ANALYSIS: Veracruz mass grave highlights government’s failure to investigate disappearances
After a six months-plus investigation led by the families, government investigators in the Gulf state of Veracruz said on Tuesday they had found more than 250 skulls in a shallow graves in a field, a record in the atrocities in Mexico.
On Thursday, reporters gained access for the first time to the lush tropical area spotted with lagoons near a current major expansion of Veracruz city’s busy seaport.
The site was uncovered last year after a tip to members of Colectivo Solecito, one of several groups of frustrated relatives searching for the tens of thousands of people who have gone missing during the gang drug wars and whose cases are unsolved.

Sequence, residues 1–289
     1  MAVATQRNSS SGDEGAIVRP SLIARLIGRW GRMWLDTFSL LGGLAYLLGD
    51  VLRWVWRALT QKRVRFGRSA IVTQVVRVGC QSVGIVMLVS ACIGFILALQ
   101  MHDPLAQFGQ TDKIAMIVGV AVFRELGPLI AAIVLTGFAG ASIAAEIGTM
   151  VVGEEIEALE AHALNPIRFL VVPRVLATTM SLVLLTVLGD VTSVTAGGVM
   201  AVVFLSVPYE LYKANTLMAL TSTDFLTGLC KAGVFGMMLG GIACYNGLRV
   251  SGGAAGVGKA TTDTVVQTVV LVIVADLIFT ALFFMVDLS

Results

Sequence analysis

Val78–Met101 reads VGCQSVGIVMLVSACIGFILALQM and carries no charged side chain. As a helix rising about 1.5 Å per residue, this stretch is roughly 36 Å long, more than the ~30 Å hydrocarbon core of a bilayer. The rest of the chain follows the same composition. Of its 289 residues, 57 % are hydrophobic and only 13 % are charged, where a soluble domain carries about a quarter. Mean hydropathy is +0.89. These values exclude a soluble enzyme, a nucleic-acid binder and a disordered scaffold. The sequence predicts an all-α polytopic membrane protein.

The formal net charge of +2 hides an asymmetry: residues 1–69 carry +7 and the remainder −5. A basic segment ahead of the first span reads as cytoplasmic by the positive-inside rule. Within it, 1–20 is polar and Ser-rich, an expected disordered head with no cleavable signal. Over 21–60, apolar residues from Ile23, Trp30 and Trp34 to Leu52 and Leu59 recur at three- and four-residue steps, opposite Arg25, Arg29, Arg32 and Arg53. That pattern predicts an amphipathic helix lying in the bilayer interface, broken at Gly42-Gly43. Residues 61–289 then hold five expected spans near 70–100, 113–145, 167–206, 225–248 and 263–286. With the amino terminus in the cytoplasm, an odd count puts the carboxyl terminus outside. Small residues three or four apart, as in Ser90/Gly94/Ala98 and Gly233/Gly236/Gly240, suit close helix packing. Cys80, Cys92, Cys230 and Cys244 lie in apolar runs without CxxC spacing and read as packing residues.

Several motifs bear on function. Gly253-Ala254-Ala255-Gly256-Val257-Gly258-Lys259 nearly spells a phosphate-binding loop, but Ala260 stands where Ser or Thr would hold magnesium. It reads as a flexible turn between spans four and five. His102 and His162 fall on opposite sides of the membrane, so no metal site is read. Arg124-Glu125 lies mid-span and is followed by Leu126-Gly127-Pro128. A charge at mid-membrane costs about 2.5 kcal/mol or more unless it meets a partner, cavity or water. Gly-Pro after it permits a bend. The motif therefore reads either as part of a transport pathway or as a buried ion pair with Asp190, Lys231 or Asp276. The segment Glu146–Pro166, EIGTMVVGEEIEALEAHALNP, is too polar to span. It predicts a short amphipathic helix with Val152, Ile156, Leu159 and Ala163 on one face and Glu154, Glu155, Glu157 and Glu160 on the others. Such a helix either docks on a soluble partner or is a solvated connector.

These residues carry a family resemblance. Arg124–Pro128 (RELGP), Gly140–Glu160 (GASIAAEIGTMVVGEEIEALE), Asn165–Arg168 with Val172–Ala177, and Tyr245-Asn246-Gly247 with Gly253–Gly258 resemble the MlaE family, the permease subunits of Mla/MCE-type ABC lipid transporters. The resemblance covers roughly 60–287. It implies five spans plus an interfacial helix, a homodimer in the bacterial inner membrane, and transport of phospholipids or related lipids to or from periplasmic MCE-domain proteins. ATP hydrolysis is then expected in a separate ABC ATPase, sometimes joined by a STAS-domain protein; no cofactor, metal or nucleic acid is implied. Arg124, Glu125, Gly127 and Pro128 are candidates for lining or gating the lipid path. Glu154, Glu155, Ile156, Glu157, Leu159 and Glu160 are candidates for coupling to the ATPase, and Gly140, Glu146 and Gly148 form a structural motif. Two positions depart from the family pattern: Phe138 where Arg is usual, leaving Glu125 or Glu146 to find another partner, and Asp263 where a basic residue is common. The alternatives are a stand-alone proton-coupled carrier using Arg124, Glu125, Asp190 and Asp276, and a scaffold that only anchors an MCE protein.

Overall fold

“The authorities don’t care about searching. Here, those who search are the parents,” said Rosalia Castro, who has been looking for her son since 2011. “The attention of the prosecutor’s office has been zero.”
The groups’ success in uncovering evidence of atrocities highlights the dismal human rights record of President Enrique Pena Nieto’s Institutional Revolutionary Party (PRI).
It is also a reminder that while U.S. President Donald Trump’s controversial immigration policies and planned border wall have provided a distraction from Mexico’s woes, crime and corruption continue to dog the party that hopes to stay in power in presidential elections next year.
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